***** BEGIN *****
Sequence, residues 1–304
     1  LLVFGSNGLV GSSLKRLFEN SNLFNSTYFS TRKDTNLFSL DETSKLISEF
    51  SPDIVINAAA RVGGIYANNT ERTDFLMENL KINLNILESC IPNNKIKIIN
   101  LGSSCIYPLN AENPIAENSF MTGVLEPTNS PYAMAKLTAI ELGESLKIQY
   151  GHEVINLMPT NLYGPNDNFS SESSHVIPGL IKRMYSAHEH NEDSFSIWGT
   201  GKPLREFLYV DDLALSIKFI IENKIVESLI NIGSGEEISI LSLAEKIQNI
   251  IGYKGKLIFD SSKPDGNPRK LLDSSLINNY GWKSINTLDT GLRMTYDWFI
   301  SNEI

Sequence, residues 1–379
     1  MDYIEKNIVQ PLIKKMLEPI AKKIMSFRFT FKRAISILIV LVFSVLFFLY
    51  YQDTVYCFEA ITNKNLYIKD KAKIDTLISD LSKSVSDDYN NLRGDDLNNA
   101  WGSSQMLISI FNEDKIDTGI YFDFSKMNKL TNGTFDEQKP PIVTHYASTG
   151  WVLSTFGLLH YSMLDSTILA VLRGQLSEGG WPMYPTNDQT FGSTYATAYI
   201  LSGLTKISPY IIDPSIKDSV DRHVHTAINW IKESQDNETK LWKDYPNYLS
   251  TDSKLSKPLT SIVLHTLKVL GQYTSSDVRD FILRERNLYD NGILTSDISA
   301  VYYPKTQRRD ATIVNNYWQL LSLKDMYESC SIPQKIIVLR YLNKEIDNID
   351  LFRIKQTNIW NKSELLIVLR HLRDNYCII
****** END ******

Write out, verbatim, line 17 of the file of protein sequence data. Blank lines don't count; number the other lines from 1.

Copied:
   351  LFRIKQTNIW NKSELLIVLR HLRDNYCII